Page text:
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Ontario Premier Doug Ford’s government has gone on the offensive over the hiring of Tory MPP Kinga Surma’s father, saying he is a much-needed antidote to all the “ivory tower” individuals who worked for the previous Liberal regime.

Education Minister Stephen Lecce told reporters on Thursday that Ms. Surma’s father, who emigrated from Poland, overcame his humble beginnings as a newcomer to Canada. At the same time, Mr. Lecce criticized the “unacceptable” appointments connected to Dean French, Mr. Ford’s former chief of staff, amid a growing web of cronyism in government posts. Another appointment with ties to Mr. French has also come to light – a member of the Liquor Control Board of Ontario.

Ms. Surma’s father got a job in the minister of economic development’s office weeks after the 2018 provincial election, according to sources. Miroslaw Surma began working as a policy adviser last July, a month after the Progressive Conservatives came to power, said government sources who were granted anonymity because they were not authorized to speak publicly on the matter.

One source, who was aware of the request to find a position for Ms. Surma’s father, said staff inside the Premier’s Office were upset that Mr. French had asked for the hire. Mr. French, who resigned last Friday in the midst of the patronage scandal, did not have a specific job in mind for Ms. Surma’s father, the source said. But Mr. French said hiring him was important to the Premier, the source said.

Ms. Surma did not respond to requests for comment. She was promoted to associate transportation minister as part of last week’s cabinet shuffle.

Mr. Lecce told reporters that Mr. Surma “has gone through the everyday aspirations as a middle-class person who didn’t have a lot of money upon his entrance to this country, but made it and worked hard. That is actually a voice that should be informing more cabinet ministers.” The former Liberal government, he said, took advice from “too many ivory tower people.”

The Premier’s Office did not answer questions about how Mr. Surma was hired for the job. Mr. French also did not respond to requests for comment. IPolitics first reported on the appointment.

Mr. Surma, who went to veterinary college, has experience managing a team in the telecom industry and worked in logistics at an auto-parts company, as well as a delivery company, according to a government source. The source was granted anonymity in order to discuss internal staffing. Mr. Surma also worked as a security guard for one year.

Community and Social Services Minister Todd Smith, the former economic development minister, also praised Mr. Surma. “He’s been an absolute pleasure to work with. He does great work every day,” Mr. Smith told The Globe and Mail.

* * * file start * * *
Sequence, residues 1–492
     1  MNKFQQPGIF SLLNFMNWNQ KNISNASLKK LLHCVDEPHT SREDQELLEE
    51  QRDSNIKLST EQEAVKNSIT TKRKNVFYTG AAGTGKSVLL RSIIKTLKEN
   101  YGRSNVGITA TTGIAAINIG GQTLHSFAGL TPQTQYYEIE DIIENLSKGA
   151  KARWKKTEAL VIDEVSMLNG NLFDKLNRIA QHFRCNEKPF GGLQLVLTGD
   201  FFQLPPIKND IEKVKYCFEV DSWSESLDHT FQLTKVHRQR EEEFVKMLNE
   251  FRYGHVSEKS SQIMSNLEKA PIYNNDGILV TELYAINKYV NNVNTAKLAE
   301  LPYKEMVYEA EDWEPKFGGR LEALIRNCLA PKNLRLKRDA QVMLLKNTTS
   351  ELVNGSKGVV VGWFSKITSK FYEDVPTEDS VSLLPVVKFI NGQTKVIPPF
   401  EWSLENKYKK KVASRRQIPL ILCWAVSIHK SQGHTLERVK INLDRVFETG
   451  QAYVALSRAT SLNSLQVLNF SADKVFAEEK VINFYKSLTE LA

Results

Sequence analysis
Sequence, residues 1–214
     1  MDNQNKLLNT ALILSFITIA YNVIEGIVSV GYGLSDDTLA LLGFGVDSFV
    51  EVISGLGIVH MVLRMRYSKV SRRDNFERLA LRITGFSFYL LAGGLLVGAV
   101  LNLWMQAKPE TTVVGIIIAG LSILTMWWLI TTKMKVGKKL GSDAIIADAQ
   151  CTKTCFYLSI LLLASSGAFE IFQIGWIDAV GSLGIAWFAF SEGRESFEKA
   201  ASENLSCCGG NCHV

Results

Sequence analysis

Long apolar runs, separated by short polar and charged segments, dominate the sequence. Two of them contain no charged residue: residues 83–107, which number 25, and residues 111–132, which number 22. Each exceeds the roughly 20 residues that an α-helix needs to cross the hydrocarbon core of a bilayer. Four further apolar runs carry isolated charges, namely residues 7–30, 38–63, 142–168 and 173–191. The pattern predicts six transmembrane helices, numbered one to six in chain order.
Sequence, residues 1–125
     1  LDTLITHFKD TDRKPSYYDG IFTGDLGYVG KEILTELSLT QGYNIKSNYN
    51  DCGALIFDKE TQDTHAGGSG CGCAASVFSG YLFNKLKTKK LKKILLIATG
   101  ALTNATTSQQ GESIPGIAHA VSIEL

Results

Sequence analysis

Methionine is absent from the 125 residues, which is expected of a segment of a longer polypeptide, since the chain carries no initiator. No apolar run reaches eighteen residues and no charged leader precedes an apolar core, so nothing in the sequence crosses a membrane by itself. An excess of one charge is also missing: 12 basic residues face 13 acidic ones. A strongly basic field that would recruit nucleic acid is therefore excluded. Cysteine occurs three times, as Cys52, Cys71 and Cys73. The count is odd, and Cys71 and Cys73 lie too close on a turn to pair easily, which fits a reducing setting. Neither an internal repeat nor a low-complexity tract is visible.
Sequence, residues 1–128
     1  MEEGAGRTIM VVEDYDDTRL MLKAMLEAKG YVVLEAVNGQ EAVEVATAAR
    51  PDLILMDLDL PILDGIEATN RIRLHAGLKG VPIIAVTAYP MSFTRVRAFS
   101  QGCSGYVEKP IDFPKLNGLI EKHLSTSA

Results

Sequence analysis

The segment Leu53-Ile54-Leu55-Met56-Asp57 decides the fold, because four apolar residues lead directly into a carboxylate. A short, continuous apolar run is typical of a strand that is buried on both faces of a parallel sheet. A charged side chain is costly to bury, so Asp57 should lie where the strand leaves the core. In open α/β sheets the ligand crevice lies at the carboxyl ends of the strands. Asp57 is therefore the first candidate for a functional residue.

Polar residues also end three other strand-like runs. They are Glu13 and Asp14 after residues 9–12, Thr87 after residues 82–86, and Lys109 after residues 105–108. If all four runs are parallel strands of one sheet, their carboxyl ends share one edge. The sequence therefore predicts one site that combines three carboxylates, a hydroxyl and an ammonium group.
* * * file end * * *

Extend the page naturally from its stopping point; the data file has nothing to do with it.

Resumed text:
The ministers’ comments were at odds with those made by another cabinet minister hours earlier on Thursday. “We need to be better,” Lisa Thompson, Minister of Government and Consumer Services, told reporters when asked about Mr. Surma’s hiring.

Other ministers attending a cabinet meeting on Thursday expressed support for the government’s review of appointments, but offered little comment on the several people with ties to Mr. French who have been given posts.

David Colfer, another individual with ties to Mr. French, was appointed a member of the LCBO on Feb. 28 for a three-year term. Mr. Colfer has worked nearly three decades in the retail distribution industry, including as general manager of cookware company Lagostina (Canada). He was named to the board of the LCBO after he disclosed his connections to Mr. French during his appearance at a legislative committee that vetted his appointment. Mr. Colfer did not respond to requests for comment.

During committee hearing, New Democratic Party MPP Taras Natyshak said the committee on government agencies had found a “disturbing pattern” of appointments that are partisan in nature before asking Mr. Colfer if he had any relationship with Mr. Ford or Mr. French.

Mr. Colfer responded that he knew Mr. French “from school.” Asked by Mr. Natyshak to elaborate, he said he went to Bishop’s University in Sherbrooke with Mr. French, who graduated in 1991, a year after Mr. Colfer.

Asked by Mr. Natyshak whether the two have any business relationship, Mr. Colfer said only that he has purchased insurance from Mr. French in the past. He elaborated on those business dealings in a “recommendation” of Mr. French that has since been deleted from Mr. French’s LinkedIn profile.

Mr. Colfer said he used Mr. French for financial and insurance advice for many years at his workplace. He also used Mr. French to top up disability and life insurance for him and his wife.

During his testimony at the committee, Mr. Colfer said he had not talked to Mr. French about the opening on the LCBO board.

New Democrat MPP Marit Stiles wrote a letter to Mr. Ford on Thursday, calling on him to allow the committee to meet more often. The committee meets for an hour once a week when the legislature is in session and has had time to interview just 20 appointees this year. The “clock ran out” on another 33 individuals on the NDP’s list for vetting who received appointments, Ms. Stiles said in an interview.

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